Custard tin attacker’s 10-year prison sentence cut on appeal

A MAN who used a tin of custard to knock his victim out cold when he answered his front door had his sentence cut by top judges.

Sam Michael Harrison, 24, was jailed for 10 years at Cambridge Crown Court after he was convicted of causing grievous bodily harm with intent last June in relation to the January 2011 attack on Stuart Newton.

Harrison, of Aspen Green, Huntingdon, attacked Mr Newton with a custard tin wrapped in a sock, London’s Appeal Court heard last week.

He rang on Mr Newton’s front door early in the morning, greeting him with a shout when Mr Newton opened up. Harrison then lashed out with the loaded sock, said Mr Justice Wyn Williams, knocking Mr Newton out with a blow to the head.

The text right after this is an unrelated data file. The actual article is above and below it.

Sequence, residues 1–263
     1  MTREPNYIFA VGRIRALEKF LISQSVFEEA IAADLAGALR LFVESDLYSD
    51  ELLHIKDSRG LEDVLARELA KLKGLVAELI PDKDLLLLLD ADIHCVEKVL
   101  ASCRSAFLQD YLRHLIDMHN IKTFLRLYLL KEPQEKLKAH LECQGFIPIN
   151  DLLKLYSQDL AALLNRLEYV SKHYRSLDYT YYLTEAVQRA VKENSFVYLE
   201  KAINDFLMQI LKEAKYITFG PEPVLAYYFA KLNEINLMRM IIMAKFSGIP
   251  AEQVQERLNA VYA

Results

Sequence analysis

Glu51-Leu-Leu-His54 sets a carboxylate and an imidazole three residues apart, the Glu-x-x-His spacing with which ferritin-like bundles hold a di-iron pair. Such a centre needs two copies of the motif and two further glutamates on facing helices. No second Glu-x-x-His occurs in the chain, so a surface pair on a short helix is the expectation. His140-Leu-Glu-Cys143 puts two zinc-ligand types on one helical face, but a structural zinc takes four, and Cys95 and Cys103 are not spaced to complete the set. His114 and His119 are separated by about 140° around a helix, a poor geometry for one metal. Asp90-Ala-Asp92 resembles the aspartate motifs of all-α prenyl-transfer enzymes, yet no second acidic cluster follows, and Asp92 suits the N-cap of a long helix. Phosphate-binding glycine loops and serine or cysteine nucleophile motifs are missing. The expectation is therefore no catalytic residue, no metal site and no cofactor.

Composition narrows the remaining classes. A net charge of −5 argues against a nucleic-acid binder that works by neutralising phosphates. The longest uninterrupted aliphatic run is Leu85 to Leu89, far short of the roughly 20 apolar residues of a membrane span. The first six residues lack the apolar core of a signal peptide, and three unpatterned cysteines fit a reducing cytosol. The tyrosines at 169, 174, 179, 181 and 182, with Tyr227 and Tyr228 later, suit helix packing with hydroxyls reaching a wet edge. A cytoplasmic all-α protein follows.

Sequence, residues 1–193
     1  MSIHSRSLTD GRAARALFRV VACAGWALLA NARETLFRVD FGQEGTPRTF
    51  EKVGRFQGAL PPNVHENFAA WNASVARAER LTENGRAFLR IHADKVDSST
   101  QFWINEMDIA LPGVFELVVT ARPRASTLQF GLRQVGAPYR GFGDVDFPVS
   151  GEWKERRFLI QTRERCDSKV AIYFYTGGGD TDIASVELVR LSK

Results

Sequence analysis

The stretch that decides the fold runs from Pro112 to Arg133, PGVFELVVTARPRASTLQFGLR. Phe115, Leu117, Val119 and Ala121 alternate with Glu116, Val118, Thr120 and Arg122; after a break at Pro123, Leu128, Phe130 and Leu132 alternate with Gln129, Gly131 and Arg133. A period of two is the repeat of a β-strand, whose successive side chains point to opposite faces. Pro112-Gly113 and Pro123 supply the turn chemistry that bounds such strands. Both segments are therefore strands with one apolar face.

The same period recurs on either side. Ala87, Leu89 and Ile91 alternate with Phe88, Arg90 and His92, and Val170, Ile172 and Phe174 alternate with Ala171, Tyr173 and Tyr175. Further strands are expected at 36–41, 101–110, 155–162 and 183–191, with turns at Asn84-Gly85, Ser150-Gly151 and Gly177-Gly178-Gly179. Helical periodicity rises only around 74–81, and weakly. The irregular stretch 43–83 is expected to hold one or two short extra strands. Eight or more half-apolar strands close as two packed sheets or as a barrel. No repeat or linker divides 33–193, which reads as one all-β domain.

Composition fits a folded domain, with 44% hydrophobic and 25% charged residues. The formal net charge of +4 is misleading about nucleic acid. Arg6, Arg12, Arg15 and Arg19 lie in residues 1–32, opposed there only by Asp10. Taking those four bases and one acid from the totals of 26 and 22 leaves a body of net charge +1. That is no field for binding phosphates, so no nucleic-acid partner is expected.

The single blow fractured Mr Newton’s skull and caused bleeding on the brain. He spent three days in hospital, followed by two weeks of home observation. Doctors used 15 staples to repair the gash in the back of his head, which have left him with a nine-inch scar stretching from behind his right ear.

The appeal court heard there was bad blood between the two men due to a heated row the previous night which resulted in the police being called.

Harrison had been placed in a cell at the police station to “allow him to sober up”, but when released in the morning told the custody sergeant he “would soon be back”.

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Mr Newton had made a good physical recovery, but was badly affected by the psychological impact of the attack, the court heard.

Mr Justice Wyn Williams, sitting with Lord Justice Richards and Mr Justice Akenhead, said there was evidence of remorse by Harrison, and that the sentencing judge had imposed a punishment “at the top end of the range”.

He substituted a nine-year term, adding that this would make a significant difference “for a man of his comparative youth”.

The ruling means Harrison will serve four and a half years behind bars before qualifying for automatic release.